NAIROBI, Kenya, Jul 12 – A new survey by TIFA research firm has revealed that at least 55 per cent of Nairobi’s informal settlements residents are not aware of the country’s COVID-19 caseload, while five per cent mentioned incorrect figures.
The poll co-sponsored by the Canadian High Commission and Hanns Seidel Foundation indicates only 13 per cent of the city residents are aware of the rate of infection, including numbers of fatalities.
According to the survey carried out between June 2 and 15, more men are aware of the figures at 16 per cent, compared to women at 10 per cent.
The awareness was lower among respondents with no formal education.
Interestingly, Ministry of Health statistics indicate men account for the lion’s share of the 9,726 COVID-19 cases reported since March, compared women in what has been attributed to personal behavior.
“The main point is that unless the vast majority of people do what is required/advised at least until there is a vaccination that would allow everyone to resume ‘normal life’, the virus will be continue in our midst, causing even more damage to both the health of individuals and the economy,” the Maggie Ireri-led research firm pointed out.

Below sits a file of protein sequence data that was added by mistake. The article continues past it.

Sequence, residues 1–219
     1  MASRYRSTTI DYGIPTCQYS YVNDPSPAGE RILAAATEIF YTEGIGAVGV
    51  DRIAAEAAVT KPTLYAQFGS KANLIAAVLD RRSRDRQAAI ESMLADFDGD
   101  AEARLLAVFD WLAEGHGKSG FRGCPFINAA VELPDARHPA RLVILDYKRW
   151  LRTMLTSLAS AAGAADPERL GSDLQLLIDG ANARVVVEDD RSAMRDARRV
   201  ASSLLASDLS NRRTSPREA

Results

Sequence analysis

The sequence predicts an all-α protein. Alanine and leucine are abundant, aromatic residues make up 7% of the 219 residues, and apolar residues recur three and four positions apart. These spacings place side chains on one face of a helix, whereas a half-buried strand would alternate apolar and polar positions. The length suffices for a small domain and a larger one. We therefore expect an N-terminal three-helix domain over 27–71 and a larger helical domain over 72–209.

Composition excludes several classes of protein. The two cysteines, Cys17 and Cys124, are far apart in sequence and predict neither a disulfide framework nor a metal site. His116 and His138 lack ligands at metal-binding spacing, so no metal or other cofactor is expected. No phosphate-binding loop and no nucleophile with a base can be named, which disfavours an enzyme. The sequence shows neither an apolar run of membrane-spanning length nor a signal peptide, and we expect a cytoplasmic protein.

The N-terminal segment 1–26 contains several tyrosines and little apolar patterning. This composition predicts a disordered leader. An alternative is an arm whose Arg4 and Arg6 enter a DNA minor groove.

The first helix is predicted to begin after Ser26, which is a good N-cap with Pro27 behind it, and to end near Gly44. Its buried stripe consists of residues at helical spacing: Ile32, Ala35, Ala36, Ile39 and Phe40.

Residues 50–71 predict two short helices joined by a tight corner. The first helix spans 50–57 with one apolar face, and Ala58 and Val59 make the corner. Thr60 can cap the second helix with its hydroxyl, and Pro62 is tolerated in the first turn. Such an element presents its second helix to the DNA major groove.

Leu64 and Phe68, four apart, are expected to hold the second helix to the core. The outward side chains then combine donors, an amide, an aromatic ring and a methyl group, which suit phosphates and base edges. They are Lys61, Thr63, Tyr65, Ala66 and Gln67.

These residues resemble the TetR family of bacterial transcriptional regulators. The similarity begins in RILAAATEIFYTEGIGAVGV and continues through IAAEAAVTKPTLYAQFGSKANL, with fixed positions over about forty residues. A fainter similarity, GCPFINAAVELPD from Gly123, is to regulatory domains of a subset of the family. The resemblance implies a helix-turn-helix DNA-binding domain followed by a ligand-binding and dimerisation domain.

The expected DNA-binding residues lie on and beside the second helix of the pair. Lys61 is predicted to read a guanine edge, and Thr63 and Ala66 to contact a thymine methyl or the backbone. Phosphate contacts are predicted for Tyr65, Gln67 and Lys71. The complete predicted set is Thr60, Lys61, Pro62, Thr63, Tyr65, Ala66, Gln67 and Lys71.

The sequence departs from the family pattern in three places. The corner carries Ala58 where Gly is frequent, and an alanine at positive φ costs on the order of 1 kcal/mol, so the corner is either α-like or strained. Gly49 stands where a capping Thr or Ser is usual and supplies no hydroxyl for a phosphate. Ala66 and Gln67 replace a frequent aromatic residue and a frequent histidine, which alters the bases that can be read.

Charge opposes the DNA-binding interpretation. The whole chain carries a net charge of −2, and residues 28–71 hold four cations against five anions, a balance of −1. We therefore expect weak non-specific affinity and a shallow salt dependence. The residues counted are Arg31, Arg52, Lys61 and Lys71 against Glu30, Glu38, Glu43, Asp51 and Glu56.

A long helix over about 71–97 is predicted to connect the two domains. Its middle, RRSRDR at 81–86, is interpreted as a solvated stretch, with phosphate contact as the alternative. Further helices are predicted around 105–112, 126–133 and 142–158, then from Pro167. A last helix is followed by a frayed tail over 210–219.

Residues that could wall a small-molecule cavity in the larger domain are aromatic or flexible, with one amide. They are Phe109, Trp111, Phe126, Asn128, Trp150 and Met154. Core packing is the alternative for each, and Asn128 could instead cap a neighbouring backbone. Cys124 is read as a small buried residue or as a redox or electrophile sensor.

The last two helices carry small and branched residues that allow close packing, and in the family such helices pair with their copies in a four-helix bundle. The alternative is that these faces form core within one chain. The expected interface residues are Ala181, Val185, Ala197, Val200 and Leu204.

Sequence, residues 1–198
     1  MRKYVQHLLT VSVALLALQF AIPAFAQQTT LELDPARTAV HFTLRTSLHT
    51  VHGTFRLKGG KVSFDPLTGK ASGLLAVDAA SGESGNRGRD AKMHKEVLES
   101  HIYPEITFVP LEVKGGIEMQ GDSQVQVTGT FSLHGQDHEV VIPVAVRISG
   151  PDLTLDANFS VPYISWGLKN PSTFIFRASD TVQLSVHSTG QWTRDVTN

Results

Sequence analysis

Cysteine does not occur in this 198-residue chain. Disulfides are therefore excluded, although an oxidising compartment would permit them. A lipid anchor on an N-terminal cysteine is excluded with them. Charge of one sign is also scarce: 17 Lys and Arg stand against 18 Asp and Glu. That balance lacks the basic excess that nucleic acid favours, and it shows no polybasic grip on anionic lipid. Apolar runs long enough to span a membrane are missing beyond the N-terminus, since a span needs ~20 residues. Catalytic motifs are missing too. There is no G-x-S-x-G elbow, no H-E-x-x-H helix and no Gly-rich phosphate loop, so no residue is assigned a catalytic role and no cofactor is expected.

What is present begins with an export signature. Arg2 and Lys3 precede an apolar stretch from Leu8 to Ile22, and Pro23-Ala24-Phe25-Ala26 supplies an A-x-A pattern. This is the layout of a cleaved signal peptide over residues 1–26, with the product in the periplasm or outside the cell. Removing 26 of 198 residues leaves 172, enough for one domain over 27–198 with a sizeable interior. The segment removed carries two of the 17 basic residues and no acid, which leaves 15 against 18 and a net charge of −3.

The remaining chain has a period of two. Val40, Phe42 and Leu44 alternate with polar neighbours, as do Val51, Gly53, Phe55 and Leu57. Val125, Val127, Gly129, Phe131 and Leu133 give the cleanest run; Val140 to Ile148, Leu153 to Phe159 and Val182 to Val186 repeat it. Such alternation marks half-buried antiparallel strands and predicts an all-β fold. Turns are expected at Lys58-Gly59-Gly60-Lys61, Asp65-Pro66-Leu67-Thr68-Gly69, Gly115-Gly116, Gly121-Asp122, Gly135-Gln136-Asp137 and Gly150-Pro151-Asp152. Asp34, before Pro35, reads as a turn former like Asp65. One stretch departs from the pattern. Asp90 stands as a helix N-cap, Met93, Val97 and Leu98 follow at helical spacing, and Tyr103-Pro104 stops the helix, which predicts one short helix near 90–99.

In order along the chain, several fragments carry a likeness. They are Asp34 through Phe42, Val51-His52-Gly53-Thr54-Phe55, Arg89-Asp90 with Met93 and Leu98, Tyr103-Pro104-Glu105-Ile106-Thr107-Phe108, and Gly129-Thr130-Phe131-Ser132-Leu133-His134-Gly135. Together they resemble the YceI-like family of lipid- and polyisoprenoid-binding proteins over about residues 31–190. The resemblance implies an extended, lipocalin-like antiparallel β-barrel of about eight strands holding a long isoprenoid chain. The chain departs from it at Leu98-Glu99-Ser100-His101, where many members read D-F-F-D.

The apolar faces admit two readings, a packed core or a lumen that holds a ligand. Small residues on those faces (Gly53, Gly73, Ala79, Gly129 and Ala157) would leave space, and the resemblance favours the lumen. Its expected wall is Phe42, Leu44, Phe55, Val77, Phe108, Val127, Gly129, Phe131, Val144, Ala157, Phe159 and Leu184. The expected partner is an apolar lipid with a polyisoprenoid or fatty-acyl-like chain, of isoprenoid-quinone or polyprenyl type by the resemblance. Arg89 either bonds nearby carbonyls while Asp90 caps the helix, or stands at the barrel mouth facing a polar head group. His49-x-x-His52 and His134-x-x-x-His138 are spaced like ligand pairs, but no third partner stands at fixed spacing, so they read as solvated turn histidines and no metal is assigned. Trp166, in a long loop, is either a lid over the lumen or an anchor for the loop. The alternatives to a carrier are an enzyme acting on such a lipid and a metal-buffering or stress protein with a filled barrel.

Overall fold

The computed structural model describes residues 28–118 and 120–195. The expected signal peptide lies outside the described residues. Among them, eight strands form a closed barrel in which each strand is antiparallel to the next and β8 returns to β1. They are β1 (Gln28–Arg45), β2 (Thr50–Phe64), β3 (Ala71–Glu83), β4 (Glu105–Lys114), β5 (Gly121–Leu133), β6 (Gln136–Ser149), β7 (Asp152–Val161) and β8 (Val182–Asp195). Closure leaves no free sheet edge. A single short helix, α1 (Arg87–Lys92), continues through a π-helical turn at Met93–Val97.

As far as awareness of COVID-19 symptoms is concerned, 80 per cent of city residents are aware of coughing at 84 per cenr, followed by fever at 69 per cent, while the awareness on breathing complications was listed third place with 40 per cent mentions.
Some 579 respondents were interviewed across the city’s informal settlements.
“And even together with a robust program of public health education, the harsh economic realities affecting the greater majority of the sort of people captured in these successive TIFA surveys will make adherence to such regulations and advise increasingly challenging,” the research firm said.
The survey further shows the numbers of people fearing to contract COVID-19 in Nairobi has significantly dropped between April and June.
The uncertainty level dropped from 54 per cent in April to 50 per cent in mid-June.